June 7, 2021: Families across the country rally over fentanyl deaths
Parents in Santa Monica, California and in 29 other cities across the country held rallies this week to raise awareness about the threat of fentanyl, and to demand that Snapchat and other social media companies stop drug dealers—particularly those who sell counterfeit pills—from targeting kids on their platforms.
Warnings and Deaths
News coverage reported that the Oklahoma Bureau of Narcotics seized almost 96,000 counterfeit pills between January 2020 and May 2021. The agency has investigated 20 overdose deaths related to the fake pills.
In Kansas City, Kansas, six juveniles under the age of 18 have died from fake pills made with fentanyl since November 2020.
Julian Rivera-Villa and Ricardo Perez-Guillen of Gloucester City, New Jersey received sentences of ten and seven years, respectively, for narcotics trafficking that included counterfeit oxycodone pills made with fentanyl in Delaware and New Jersey.
A Leominster, Massachusetts resident was arraigned this week on 14 drug charges. Police found 224 grams of methamphetamine pills disguised as Adderall and a small amount of counterfeit Xanax, among other drugs, when they searched his house in April.
Federal authorities detained two Massachusetts residents who were found in possession of more than three kilograms of fentanyl pills during an investigation in Rhode Island and Massachusetts.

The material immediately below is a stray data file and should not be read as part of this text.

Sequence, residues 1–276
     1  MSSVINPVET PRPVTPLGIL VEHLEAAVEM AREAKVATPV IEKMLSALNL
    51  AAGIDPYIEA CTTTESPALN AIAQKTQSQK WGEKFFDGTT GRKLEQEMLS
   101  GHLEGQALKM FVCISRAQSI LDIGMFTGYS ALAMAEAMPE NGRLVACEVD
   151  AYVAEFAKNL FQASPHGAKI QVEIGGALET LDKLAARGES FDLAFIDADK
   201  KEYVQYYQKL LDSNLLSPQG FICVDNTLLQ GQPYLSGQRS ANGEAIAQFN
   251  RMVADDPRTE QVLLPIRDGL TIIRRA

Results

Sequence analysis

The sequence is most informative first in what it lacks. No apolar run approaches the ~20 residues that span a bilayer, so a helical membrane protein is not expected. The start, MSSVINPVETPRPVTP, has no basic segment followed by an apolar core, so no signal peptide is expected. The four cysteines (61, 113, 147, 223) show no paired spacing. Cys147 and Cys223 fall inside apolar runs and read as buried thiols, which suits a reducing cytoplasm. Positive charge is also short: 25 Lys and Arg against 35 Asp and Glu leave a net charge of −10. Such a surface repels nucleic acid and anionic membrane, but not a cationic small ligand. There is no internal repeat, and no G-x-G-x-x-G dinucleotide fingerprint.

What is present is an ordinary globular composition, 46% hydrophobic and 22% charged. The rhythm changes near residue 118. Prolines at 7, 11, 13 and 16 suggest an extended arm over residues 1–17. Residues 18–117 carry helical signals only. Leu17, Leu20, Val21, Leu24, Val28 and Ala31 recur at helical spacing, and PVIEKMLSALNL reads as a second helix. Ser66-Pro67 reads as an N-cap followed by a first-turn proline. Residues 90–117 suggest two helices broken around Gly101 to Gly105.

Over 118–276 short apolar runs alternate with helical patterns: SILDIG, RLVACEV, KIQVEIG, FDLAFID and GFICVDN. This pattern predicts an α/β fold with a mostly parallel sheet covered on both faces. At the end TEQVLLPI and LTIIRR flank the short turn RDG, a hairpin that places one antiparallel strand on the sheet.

A Greenwood, South Carolina father was charged in the fentanyl poisoning death of his 18-month-old daughter after detectives found blue pills made with fentanyl in his home.
The Berkeley County, South Carolina Sheriff’s Office arrested a 25-year-old man who allegedly distributed fentanyl pills and other drugs.
A federal grand jury in Kentucky indicted a Corbin, Kentucky woman for COVID relief fraud after she allegedly created fake businesses to apply for Economic Injury Disaster Loans.
Police in Indore, India reported that a counterfeit remdesivir trafficking ring broken up by Gujarat Police in April had planned to sell 80,000 counterfeit units of the injection.
As its COVID-19 vaccine rolls out in Australia, Pfizer warned Australians that any vaccines sold online are counterfeit. The real vaccine is only available through government authorized vaccination centers.
PSM is keeping a steady eye on public reports of dangerous counterfeit drugs and other medical products. Check back for next week’s summary.